Our Expert Opinion by Nadia Jeouda (See below the article to find her biography)
Since February 2011, the women and youth led civic movement took off in spreading the principles of the universal declaration of human rights, citizenship rights, and political participation rights with the assistance and support of international organizations. It was an active movement demanding the rule of law. During the time of this movement, there was the threat of considering the informal Regional (tribal) Quota system was getting stronger behind the scenes to paralyze this movement. This led to a complete collapse in the public offices appointment mechanisms in order to satisfy the tribal and regional expectations as well as those who aspire to possess high level positions through bypassing the mechanisms and required criteria for these positions.
The informal Regional (Tribal) Quota system got more emphasis during the transitional democratic phase and over-stepped the transitional constitutional declaration with no reaction in return from the civic movement. Nonetheless, there were few voices who paid attention to the negative impact of the matter. That was the start of the transition from working towards the civil state path to having conflict over power. The informal Regional (Tribal) Quota system is an indirect violation against all citizenship rights due to the discrimination it holds between one citizen and another based on their regional (tribal) background, As it favors members of a certain region (tribe) over others and it worsened by the adaptation of some activists to this mentality. Which of course, contradicts the legal doctrine, the principles of human rights and citizenship rights.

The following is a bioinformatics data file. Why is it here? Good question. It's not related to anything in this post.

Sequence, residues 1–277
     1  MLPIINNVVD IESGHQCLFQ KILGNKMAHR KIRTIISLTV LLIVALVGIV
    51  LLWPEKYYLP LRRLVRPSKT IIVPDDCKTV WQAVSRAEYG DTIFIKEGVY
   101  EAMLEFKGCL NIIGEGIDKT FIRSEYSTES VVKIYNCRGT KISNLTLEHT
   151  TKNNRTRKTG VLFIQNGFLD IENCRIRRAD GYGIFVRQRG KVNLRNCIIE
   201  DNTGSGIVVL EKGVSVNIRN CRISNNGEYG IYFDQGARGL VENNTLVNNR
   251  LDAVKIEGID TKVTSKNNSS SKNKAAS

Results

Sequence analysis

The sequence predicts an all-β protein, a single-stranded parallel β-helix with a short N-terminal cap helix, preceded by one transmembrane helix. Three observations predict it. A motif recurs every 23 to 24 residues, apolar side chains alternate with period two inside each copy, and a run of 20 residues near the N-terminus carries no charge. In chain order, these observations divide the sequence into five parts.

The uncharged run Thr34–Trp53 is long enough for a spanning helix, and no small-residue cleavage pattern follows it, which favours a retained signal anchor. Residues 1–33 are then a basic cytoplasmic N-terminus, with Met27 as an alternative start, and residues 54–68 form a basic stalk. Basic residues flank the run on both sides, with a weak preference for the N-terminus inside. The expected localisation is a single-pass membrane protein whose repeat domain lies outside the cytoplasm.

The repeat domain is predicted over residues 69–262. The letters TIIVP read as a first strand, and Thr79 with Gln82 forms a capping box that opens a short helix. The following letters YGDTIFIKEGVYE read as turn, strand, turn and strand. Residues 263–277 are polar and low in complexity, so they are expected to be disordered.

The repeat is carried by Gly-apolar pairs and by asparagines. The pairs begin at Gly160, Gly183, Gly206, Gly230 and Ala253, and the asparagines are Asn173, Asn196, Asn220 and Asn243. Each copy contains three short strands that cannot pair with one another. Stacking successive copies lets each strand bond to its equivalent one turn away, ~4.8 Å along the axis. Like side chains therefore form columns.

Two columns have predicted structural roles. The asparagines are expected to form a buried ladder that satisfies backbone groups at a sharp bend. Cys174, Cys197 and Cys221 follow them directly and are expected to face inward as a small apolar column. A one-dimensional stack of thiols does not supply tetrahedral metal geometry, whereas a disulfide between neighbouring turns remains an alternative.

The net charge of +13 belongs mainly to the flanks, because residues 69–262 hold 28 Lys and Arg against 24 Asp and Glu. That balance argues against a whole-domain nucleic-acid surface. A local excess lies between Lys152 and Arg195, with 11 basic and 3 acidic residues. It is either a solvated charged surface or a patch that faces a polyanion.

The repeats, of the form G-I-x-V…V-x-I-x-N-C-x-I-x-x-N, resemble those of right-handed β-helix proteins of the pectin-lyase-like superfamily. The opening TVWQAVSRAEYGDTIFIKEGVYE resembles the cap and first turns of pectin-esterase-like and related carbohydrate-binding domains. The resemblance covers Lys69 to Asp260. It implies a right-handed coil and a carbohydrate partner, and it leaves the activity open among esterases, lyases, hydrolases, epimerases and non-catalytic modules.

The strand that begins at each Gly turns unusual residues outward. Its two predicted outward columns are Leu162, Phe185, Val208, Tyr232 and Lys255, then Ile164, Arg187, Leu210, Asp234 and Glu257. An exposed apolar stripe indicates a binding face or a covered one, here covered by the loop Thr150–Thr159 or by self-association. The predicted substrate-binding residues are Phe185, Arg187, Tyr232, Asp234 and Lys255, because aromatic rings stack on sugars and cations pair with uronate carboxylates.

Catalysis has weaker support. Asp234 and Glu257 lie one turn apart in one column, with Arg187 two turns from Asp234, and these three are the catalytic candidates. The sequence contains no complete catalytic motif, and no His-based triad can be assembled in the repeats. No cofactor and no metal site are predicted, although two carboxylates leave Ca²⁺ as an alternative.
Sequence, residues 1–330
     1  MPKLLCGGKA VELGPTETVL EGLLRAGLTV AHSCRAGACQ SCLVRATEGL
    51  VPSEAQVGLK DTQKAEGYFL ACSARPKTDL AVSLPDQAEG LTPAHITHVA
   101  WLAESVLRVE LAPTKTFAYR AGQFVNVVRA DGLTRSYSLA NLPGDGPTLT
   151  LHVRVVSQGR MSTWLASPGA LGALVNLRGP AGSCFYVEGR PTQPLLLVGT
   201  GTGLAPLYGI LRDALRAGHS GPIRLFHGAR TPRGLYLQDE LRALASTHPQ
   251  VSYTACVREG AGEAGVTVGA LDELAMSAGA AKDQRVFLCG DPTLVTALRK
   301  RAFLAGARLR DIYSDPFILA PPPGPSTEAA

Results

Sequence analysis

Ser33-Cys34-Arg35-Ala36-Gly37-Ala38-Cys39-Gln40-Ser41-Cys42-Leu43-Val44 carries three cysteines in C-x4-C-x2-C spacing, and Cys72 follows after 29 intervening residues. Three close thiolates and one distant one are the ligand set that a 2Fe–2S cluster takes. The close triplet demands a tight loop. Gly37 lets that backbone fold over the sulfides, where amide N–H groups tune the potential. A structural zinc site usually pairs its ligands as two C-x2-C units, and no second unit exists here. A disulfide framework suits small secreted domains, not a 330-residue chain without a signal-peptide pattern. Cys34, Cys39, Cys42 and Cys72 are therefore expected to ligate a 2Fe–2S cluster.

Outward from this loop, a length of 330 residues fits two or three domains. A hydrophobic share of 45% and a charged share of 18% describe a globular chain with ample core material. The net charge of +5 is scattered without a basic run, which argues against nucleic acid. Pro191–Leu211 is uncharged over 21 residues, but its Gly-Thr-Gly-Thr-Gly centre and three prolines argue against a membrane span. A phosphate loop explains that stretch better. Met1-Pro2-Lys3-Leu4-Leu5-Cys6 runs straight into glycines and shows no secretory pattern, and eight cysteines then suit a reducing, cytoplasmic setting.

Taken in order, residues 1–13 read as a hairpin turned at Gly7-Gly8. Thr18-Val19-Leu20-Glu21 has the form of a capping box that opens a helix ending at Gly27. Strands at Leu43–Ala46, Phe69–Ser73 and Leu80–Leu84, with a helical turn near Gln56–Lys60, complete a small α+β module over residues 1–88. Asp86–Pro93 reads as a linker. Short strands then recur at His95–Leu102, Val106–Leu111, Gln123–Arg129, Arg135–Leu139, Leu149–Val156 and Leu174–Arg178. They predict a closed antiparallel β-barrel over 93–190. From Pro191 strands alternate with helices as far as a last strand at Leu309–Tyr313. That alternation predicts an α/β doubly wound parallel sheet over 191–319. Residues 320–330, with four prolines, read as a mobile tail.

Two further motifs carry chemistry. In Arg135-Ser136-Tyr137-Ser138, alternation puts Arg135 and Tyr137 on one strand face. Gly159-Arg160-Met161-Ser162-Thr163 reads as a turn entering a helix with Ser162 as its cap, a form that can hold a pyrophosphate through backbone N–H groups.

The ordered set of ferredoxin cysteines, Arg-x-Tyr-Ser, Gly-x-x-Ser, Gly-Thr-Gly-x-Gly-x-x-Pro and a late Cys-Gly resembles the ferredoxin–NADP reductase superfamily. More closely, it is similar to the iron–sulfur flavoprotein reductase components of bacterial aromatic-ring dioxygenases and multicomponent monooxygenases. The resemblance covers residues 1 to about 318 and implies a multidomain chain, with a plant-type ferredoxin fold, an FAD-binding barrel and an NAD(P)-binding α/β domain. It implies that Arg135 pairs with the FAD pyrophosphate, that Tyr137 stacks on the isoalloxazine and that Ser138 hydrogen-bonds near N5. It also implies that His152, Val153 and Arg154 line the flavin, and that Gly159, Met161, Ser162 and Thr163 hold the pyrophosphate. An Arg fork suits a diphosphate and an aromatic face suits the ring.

Furthermore, the lack of awareness by the emerging political parties and their inability to present a convincing political and economic project to the people, some parties informally adapted this regional (tribal) quota system. Therefore, this system built strong roots and allowed the marginalization of the existing capacities as there is no counter wave for this informal system in a simple society of people who dream of a decent life and prosperous future.